The good and bad of Josh Richardson’s offense
From a scoring perspective, J-Rich is rather lackluster.
His shot selection is relatively poor, and his range is somewhat limited. He has a shallow amount of counters and tends to get antsy when his back is up against the shot clock.
If the Boston Celtics want to see Josh Richardson succeed as a scorer, they need to adhere to his strengths and keep him away from short-shot clocks, pull up threes, or match him up with the opposing team’s best perimeter defender.
Richardson can provide some much-needed rim pressure, close-out scoring, solid midrange creation, transition scoring, and cutting on the flip side. J-Rich is coming off the best finishing season of his career, shooting 67 percent from 0-3 feet, but it came on the lowest volume.
Although 67 percent may not be a sustainable value, Richardson’s below-the-rim creativity was natural, and with the C’s improved rim gravity, the wing should be just fine in that realm.
Additionally, Richardson shot the second-best field goal percentage from 10-16 feet in his career, hitting 49.5 percent of his midranges on the highest volume of his career. The Mavericks increasing his jump shot output played a large part in his insufficient scoring numbers, so the Cs would be wise to confining J-Rich’s creation within 16 feet.
Originally the Mavericks acquired J-Rich to function as an ancillary offensive piece next to their young superstar, Luka Doncic, but as time went on, they quickly realized he was not nearly capable of handling a more significant offensive role.
This led to the lessening of his touches and more off-ball play, just to keep him away from the ball.
He hasn’t cut much since his days in Miami, but with the Boston Celtics wanting to bring back more ball movement, and therefore player movement, Richardson will be encouraged to move towards the basket more instead of around the 3-point line.
In transition, Richardson was relatively average by most metrics but, based on the film, the Boston Celtics can help him improve in that realm.
He’s committed to running the floor, and his shortcomings come back to his poor decision-making.
With Jayson Tatum, Jaylen Brown, Robert Williams, and Marcus Smart, who are all excellent transition players, Richardson’s decision-making load will be decreased and made more manageable. Cutting out the inefficient pull-ups and rushed passes will be critical to maximizing Richardson’s transition ability.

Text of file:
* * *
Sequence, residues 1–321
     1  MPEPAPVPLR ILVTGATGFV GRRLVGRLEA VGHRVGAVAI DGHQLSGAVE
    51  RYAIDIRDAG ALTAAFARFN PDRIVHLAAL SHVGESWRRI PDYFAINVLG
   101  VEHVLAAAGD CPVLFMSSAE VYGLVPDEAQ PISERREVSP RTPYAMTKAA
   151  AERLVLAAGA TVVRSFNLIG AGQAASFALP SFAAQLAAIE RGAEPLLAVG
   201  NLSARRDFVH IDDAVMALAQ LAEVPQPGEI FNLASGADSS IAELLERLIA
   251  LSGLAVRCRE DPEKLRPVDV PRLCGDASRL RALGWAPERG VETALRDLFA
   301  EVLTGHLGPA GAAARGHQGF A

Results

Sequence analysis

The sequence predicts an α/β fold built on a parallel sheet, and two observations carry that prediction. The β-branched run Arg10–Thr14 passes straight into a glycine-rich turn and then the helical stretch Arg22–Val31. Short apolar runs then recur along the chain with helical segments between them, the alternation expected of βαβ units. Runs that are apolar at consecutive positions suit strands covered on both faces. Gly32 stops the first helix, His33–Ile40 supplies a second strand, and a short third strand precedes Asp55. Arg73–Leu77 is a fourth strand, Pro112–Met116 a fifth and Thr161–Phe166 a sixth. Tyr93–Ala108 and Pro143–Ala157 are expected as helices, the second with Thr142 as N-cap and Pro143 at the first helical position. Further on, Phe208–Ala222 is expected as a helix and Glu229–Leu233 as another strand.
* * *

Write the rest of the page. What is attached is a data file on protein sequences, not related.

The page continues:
At the beginning of his career with the Miami Heat, his role trajectory was supposed to be a dynamic two-way shooting guard. However, due to some health limitations and a failure to realize how limited his vision and touch were, the two-guard experiment failed.
He does have some ball-handling skills, but at best he’s a very average passer and playmaker. J-Rich has turnover problems, 9% cTOV% and 1:1 AST/TO on drives, due to his relatively moderate vision, often locking onto one option and failing to adjust when the defense takes his passing avenue away.
His touch is nothing special, and he doesn’t possess a particularly impressive passing bag. Richardson can flash some no-look dump-offs or impressive one-handed kick-outs, but he can’t manipulate defenses on the move without confusing himself in the process.
The good news is the Boston Celtics don’t need Richardson to be an advanced playmaker or passer; they need him to make the most basic reads possible. I’m not even talking about skip passes or complicated lobs but, rather, timely extra passes.
He’ll get some reps with Williams and Horford in PnR or PnP, and all he’ll have to do is find players either wide-open under the rim or behind the 3-point line.
We saw how easy it was to work with Robert Williams — even Aaron Nesmith threw him lobs.
I don’t mean to undersell Richardson’s passing abilities, as he’s capable if his options are clear to him and he’s given the freedom to make mistakes.
I liked what I saw from him on kick-outs, finding cutters, and making extra passes, but to be clear, those should be your expectations for him.